In Europe, and other neighboring countries in the New World, where cannabis was introduced quite late, is seems that more recently, it is being cultivated on an increasing scale as a valuable crop for industrial products, whereas in India, where it has been cultivated since as early as 2000 BCE, as a fiber and food crop, the cultivation today seems to be dwindling. It is the earliest food, fiber, medicinal, psychoactive and oil yielding cultivated plant and for centuries ranked as one of the most important agricultural crop of the orient. However, in India, like the rest of the modern world, marijuana is considered an illegal substance. Now that we are seeing a reform with marijuana in the United States, could it be possible that we will start to see the same in places like India? First, let’s take a closer look at the history of cannabis in this country, and what it was used for there in the first place.
The History of Marijuana in India
Cannabis actually has a long history in India, and is an integral part of ancient Hindu culture. It is mentioned multiple times in sacred Hindu texts, in association with legends and religion. According to The Vedas (one of the most well-known sacred Hindu book of texts), marijuana was one of five sacred plants and a guardian angel lived in its leaves. The Vedas call this substance a source of happiness that was compassionately given to humans to help us attain delight and lose fear (Abel, 1980). Their god, Shiva is frequently associated with cannabis, which is called bhang in their native language, and Hindus highly associate this substance with their most powerful deity, which is why its use is still so prevalent today.
Bhang has been popular in India since the beginning of recorded history and comes in the form of a drink. Nuts and spices, like almonds, pistachios, poppy seeds, pepper, ginger and sugar are combined with bhang and boiled with milk. However, today it is more common to see people consuming it by rolling it into small balls and eating it.
Other ways to consume marijuana in India include ganja and charas. Much stronger than bhang, ganja is made from the flowers and upper leaves of the female plant, whereas Charas is the strongest preparation out of the three, and is made from blooming flowers usually up in the mountains, and is similar in strength to hashish. The main difference is Charas contains a lot of resin, but both are smoked in a pipe called a chillum. The pipe is usually shared among 2 to 5 people, making smoking a communal activity.
In the late 1890s, representatives from the British colony in India, found the use of cannabis a little excessive, and concern grew among them that the abuse of this substance was endangering the health of the native people. The British government asked the government of India to appoint a commission to look into the cultivation of the plant, preparation of drugs from it, trade in those drugs, the social and moral impact of its consumption, and possible prohibition. Over 1,000 standardized interviews were conducted throughout the country by British and Indian medical experts.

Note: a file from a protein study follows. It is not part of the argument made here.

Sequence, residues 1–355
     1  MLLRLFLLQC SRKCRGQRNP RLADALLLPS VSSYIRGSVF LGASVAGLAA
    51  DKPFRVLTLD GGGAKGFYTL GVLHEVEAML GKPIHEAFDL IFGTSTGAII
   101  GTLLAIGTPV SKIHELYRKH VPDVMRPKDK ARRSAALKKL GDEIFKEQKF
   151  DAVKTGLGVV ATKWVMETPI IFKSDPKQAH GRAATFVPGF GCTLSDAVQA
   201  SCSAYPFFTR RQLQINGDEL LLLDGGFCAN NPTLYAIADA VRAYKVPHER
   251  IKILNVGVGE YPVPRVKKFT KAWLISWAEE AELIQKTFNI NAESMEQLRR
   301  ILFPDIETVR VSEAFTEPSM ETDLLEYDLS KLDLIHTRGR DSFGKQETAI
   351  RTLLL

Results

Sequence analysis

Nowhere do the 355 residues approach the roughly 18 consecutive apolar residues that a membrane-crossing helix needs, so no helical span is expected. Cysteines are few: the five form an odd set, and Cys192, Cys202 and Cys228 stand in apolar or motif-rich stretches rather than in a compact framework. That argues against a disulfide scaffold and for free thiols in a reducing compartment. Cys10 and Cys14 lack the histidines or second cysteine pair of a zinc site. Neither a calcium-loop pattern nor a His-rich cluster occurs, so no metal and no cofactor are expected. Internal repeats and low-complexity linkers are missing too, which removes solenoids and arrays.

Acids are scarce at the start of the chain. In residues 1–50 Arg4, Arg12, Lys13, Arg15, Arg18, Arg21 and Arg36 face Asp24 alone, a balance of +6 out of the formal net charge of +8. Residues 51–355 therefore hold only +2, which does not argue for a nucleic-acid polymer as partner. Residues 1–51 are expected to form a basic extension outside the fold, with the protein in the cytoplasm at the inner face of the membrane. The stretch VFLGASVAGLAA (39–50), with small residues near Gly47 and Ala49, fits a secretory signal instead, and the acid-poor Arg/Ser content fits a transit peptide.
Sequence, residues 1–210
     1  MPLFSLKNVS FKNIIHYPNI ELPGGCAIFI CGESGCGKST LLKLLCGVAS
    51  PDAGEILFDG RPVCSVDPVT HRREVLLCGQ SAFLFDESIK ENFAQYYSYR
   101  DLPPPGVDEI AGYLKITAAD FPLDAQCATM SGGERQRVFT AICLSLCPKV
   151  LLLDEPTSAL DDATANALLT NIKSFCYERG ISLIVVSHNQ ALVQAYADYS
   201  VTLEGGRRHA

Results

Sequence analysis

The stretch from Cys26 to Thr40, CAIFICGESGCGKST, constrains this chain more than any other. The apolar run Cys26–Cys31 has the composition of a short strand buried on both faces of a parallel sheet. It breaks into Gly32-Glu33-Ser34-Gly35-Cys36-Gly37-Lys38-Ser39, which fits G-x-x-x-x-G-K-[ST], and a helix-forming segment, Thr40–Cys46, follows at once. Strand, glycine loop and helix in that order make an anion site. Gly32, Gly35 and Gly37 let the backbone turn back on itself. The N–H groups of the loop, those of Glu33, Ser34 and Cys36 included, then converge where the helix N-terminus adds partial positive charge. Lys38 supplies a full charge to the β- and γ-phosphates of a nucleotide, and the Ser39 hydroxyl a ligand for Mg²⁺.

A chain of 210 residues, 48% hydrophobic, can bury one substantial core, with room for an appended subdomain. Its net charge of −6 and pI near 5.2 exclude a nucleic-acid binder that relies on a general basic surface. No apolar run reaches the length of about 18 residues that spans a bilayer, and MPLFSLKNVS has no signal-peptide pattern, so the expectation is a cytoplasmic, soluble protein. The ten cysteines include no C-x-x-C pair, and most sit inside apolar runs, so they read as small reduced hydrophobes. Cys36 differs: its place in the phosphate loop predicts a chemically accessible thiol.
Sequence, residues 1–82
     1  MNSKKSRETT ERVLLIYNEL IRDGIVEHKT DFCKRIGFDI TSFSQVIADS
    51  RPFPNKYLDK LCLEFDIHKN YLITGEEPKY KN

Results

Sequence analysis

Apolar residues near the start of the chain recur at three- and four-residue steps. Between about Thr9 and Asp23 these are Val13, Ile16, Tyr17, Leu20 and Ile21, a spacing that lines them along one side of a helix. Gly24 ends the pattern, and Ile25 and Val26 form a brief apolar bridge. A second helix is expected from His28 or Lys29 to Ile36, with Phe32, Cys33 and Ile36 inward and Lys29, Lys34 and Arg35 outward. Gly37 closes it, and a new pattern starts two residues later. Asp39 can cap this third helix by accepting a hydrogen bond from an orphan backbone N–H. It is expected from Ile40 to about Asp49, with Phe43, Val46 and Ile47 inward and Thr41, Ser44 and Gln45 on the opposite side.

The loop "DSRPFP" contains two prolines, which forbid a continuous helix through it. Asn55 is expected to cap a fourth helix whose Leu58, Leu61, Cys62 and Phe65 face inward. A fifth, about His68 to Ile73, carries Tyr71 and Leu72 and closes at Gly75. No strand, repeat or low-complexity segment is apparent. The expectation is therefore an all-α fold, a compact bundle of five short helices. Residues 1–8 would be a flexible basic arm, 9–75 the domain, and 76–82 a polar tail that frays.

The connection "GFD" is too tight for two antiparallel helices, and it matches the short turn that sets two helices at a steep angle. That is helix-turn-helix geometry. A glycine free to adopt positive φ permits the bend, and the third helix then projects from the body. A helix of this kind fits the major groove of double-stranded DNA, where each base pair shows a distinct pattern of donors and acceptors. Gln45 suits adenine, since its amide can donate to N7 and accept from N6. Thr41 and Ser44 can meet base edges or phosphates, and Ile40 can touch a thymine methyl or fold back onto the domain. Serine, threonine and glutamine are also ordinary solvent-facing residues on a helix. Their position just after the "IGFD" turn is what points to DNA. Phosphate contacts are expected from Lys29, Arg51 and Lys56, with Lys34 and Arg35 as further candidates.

The commission was systematic and thorough, as it sampled a large and diverse group of people in a range of situations, from farmers to hospital psychiatrists. After years of detailed work, The Indian Hemp Drugs Commission Report produced six volumes of data and conclusions. Commissioners were particularly concerned with whether or not cannabis caused psychoses. After years of thorough and well conducted research, The Commission concluded that suppressing the use of herbal cannabis (bhang) would be totally unjustifiable. They concluded that its use is very ancient, has some religious sanction among Hindus, and is harmless in moderation. In fact, more harm was done by alcohol.
Cannabis continues to be available in India even in the 21st century, however since The Narcotic Drugs and Psychotropic Substances Act which was passed in 1985, marijuana was prohibited from being produced, manufactured, and cultivated, as well no person can possess, sell, purchase, transport, store or consume any narcotic drug or psychotropic substance.
The United States began to campaign for a worldwide law against all drugs, following the adoption of the Single Convention on Narcotic Drugs in 1961. However, India opposed the move, and withstood American pressure to make cannabis illegal for nearly 25 years. In the 1980s, American pressure increased, and in 1985, the Rajiv Gandhi government succumbed and enacted the NDPS Act, banning all narcotic drugs in India.
Although the laws in India states that marijuana is strictly prohibited under the NDPS Act, bhang, ganja and charas as still seen and commonly used by locals even today, particularly during religious holidays such as Holi. Charas is still smoked, and bhang is still drunk all around the country, as the local natives still revere this compound as an integral part of their culture. Although it is illegal to produce cannabis in scale for commercial purposes, local people still seem to find ways to have a hidden stash somewhere in their houses for special occasions. Hopefully with more and more states in the United States jumping on the legalization bandwagon, we might see the cultivation of this substance increase in the years to come, but for now I think they are doing just fine.